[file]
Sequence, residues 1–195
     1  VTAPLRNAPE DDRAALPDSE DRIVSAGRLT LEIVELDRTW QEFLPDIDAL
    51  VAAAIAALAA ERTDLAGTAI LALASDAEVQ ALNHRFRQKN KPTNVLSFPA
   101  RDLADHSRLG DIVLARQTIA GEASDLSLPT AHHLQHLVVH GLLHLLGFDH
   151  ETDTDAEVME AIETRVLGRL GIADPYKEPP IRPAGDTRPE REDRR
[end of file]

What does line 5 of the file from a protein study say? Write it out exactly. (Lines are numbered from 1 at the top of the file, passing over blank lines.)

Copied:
   151  ETDTDAEVME AIETRVLGRL GIADPYKEPP IRPAGDTRPE REDRR